Kick your year off with metrics that matter the most
By knowing which metrics to track, hotels can actively understand how inputs reflect outputs, make Capital Expenditure decisions more effectively, empower staff with meaningful data, and incentivize behaviors that improve the health of the business. Metrics make hotels stronger.
What are business metrics?
Business metrics are quantifiable measures that track performance against established internal objectives or external benchmarks. They allow you to track progress towards a defined goal or benchmark. Metrics make sense of the business; the best metrics reveal how well a business is progressing, and identify opportunities for improvement.
How to define success:
Success isn’t uniform, it’s something that must be defined first at the property level, and then (for some) at the brand level. Not every property within a market or category defines success in the same way. That’s why the first is to define what success means to you. Ask yourself:
- What expectations does management have?
- What targets have been set?
- What personal goals do I have for my property?
- What are the macro trends at both the market and regional level?
- Are we up against headwinds or is the wind at our back?
These answers form the backdrop to the next step: defining success. Once you have a well-developed definition of success for you and your team, the next step is to identify the metrics that best represent the levers available to you. Similar to goal setting, defining success is all about being SMARTER.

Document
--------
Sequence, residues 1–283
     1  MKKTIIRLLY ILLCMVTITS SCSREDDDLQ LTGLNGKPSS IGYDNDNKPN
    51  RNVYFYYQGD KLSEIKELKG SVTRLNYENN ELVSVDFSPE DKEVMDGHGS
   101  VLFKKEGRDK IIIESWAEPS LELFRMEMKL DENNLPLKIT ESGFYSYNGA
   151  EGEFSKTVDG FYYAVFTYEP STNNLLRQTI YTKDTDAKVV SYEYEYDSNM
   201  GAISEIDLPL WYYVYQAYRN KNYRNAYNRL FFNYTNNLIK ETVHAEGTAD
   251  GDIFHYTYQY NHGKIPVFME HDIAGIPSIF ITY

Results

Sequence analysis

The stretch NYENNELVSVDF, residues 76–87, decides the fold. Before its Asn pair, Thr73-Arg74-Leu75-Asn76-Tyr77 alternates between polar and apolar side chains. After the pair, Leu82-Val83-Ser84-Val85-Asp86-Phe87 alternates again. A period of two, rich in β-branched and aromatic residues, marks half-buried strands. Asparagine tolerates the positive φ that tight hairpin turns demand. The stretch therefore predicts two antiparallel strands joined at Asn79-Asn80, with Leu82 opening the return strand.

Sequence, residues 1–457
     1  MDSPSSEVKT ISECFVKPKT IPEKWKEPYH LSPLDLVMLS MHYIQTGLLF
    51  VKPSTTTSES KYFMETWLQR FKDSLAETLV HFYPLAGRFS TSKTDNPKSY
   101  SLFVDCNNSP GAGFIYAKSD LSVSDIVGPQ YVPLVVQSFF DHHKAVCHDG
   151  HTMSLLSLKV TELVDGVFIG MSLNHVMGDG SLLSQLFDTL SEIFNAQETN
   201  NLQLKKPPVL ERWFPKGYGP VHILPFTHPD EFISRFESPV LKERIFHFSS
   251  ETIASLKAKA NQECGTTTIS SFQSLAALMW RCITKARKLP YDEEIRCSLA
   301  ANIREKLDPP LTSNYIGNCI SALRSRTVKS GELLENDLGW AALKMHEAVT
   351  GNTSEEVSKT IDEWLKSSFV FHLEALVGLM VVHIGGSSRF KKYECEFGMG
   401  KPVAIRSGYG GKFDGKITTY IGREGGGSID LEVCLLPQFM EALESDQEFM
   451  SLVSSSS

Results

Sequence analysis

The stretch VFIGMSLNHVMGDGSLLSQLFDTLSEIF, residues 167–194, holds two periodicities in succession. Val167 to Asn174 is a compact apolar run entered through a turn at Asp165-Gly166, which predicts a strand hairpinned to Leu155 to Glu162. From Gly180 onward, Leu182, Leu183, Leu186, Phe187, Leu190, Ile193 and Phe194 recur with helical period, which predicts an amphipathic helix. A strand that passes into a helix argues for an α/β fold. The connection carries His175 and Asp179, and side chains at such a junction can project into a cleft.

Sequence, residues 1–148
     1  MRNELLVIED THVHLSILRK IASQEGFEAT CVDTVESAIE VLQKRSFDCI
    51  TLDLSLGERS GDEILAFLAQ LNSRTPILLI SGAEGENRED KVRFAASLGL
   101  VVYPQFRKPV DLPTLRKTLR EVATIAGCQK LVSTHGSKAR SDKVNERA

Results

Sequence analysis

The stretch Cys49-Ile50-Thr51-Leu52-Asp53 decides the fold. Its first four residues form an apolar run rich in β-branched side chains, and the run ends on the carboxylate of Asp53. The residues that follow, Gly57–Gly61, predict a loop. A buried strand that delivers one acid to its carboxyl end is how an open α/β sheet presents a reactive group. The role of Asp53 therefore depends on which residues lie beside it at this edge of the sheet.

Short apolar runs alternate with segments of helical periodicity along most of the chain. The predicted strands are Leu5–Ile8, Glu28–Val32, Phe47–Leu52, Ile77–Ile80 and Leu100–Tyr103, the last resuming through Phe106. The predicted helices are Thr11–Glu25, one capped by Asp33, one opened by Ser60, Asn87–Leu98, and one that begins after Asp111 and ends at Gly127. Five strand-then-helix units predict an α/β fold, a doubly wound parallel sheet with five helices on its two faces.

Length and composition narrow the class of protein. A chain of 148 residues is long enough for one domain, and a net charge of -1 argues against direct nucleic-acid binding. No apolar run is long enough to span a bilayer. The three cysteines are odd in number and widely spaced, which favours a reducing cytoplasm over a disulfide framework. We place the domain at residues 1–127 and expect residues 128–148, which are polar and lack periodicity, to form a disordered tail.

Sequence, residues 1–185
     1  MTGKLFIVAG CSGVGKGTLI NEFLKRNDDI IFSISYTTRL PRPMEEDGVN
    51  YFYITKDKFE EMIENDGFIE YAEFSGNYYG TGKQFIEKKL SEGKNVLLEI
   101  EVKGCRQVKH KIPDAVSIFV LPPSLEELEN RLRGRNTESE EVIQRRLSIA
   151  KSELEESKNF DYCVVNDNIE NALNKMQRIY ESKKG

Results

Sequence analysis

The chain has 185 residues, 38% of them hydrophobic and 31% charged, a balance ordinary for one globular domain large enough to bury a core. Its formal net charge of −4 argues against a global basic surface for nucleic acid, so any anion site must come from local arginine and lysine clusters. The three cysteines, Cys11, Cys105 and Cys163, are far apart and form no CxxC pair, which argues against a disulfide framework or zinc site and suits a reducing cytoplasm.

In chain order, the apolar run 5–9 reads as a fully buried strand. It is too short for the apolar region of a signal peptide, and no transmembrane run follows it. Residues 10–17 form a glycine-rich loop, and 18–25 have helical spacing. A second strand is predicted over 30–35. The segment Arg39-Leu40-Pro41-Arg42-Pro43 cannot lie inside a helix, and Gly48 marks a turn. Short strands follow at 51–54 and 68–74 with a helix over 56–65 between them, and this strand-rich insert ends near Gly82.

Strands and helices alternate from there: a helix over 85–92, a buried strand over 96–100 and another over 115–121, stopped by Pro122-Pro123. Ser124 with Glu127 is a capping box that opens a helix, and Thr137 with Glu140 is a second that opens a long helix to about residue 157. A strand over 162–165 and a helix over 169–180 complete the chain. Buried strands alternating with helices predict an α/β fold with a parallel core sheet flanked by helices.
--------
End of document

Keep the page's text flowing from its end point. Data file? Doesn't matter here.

This commonly-used approach ensures alignment of your team; organizational buy-in is absolutely essential to motivating a team towards a shared vision.
“The definition of success varies greatly depending on the type of hotel, location, target customer, and brand image. For some hotels, success might mean having high occupancy all year round, others might be focusing on driving more direct bookings, or increasing loyalty by generating more repeat business, while others are focused on profitable revenue growth. No single metric will tell the whole story so it’s crucial to define what success means for your brand or property.”
– Tim Sullivan, Chief Revenue Officer, Cendyn
What makes a good metric?
By knowing which metrics to track, hotels can; actively understand how inputs reflect outputs, make Capital Expenditure decisions more effectively, empower staff with meaningful data, and incentivize behaviors that improve the health of the business.
What metrics work for your team?
Every property and/or brand is distinctive. Take these ideas and apply a mix that works best for your specific circumstances. Many metrics overlap across departments, underscoring the importance of inter-departmental collaboration. Aim for at least one non-traditional metric. It might require some inventive thinking to create (and track!), but will give you a memorable asset to use when marketing your new metrics-driven approach internally! Here are a few examples you can use at your hotel based on your department:
Assign a to score individual travelers; the higher the score, the more frequent the traveler and/or likely the traveler is to spend money. This score can then be used to target dynamic content according to the perceived value of the guest.